Original research| Volume 102, ISSUE 5, P932-939, May 2021

Overground Robotic Program Preserves Gait in Individuals With Multiple Sclerosis and Moderate to Severe Impairments: A Randomized Controlled Trial

Published:December 11, 2020DOI:


      • Maintaining the ability to walk is an important challenge for individuals with multiple sclerosis (MS).
      • We need new standpoints that integrate exoskeletons into long-term rehabilitation.
      • Overground robots (OR) allow individuals to walk on hard and flat surfaces in a real-world setting.
      • OR training might be a feasible and effective tool for preserving gait ability among MS patients.
      • The article describes in detail an OR program that will allow study replication.



      To determine how overground robotic (OR) training added to ongoing rehabilitation affects gait speed, lower extremity function, functional mobility, and fatigue in individuals with multiple sclerosis (MS) and moderate to severe gait impairments.


      Randomized controlled trial.


      Outpatient setting at the Multiple Sclerosis Association of Bizkaia, an association serving MS patients in Bizkaia, Spain.


      Individuals with MS (N=36) participated in this interventional study. Inclusion criteria were age of 18 years or older, Expanded Disability Status Scale score between 4.5 and 7, and the need for assistive devices for walking outdoors.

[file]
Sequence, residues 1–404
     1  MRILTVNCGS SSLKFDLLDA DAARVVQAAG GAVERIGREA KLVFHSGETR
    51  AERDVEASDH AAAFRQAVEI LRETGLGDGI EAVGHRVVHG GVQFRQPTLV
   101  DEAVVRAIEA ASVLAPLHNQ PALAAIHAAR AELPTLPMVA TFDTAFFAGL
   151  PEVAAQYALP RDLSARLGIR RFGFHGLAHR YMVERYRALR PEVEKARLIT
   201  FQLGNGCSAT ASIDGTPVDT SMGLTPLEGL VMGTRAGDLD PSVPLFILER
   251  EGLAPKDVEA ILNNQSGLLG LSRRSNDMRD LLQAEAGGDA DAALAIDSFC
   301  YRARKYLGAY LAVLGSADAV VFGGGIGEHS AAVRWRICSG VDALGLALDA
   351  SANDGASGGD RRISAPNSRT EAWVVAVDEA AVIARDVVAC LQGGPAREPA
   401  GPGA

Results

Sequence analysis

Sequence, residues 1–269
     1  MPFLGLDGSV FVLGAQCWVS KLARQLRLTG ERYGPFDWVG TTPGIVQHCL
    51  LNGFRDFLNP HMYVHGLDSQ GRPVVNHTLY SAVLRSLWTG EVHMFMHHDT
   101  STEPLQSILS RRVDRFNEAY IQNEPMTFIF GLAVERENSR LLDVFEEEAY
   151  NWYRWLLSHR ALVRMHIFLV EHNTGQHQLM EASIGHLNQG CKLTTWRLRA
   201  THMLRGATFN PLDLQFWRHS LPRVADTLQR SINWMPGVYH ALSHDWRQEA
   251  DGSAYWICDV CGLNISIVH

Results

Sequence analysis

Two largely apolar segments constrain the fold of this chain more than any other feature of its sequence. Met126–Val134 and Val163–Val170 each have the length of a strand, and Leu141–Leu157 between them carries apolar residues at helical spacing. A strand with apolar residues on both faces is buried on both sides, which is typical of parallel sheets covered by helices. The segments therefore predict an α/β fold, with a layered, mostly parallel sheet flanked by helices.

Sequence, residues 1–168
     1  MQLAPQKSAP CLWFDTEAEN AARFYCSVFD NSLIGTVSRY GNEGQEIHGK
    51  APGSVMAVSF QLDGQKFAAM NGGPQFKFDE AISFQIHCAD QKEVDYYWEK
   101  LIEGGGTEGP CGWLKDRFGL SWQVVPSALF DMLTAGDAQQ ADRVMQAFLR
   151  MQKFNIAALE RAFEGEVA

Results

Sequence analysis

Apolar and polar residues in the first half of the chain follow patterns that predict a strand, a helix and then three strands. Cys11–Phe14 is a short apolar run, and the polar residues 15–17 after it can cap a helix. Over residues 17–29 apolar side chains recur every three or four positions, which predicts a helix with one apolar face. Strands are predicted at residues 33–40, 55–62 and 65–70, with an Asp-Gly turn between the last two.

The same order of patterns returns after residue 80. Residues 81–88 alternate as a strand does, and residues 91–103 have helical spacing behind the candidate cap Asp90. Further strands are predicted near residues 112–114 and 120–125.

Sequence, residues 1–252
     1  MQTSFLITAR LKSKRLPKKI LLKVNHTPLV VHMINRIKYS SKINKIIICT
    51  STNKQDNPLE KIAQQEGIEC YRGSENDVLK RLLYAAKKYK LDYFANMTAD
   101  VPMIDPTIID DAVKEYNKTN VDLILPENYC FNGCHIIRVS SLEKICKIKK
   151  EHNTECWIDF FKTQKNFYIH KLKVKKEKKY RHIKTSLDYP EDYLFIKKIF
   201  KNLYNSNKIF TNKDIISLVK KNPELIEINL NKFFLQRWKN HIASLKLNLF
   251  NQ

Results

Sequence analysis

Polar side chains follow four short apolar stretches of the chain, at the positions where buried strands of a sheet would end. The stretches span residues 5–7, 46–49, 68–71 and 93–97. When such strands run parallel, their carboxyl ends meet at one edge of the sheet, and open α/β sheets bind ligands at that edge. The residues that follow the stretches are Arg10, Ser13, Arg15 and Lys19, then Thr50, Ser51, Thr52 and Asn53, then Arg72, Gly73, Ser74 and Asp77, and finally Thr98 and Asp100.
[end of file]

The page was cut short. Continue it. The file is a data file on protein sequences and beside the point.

The control group (CG) engaged in an ongoing rehabilitation program consisting of weekly 1-hour individualized sessions. The intervention group (OR group) also participated in this program in addition to a twice-weekly individualized and progressive OR gait training intervention for 3 months, aiming to reach a maximum of 40 minutes by the end of the 3-month period.

      Main Outcome Measures

      Primary outcome was the 10-meter walking test (10MWT). Secondary variables included the Short Physical Performance Battery, the timed Up and Go (TUG) test, and the Modified Fatigue Impact Scale.


      The OR group maintained 10MWT performance and significantly improved on the TUG test (P=.049, medium effect size) without increasing fatigue perception. The CG demonstrated a decline on the 10MWT (P=.044, small effect size) and reduced fatigue (P=.024, medium effect size). No time per group interaction was observed for any variable.


      The evaluated intervention could preserve gait speed and significantly improve functional mobility without increasing perceived fatigue in participants. Thus, OR exoskeletons could be considered a tool to deliver intensive practice of good-quality gait training in individuals with MS and moderate to severe gait impairments. Further studies are necessary to confirm these preliminary results.


      List of abbreviations:

      10MWT (10-meter walking test), ADEMBI (Multiple Sclerosis Association of Bizkaia), CG (control group), MS (multiple sclerosis), OR (overground robot), RAGT (robot-assisted gait training), SPPB (short physical performance battery), T1 (baseline assessment), T2 (assessment after the intervention), TUG (timed Up and Go)
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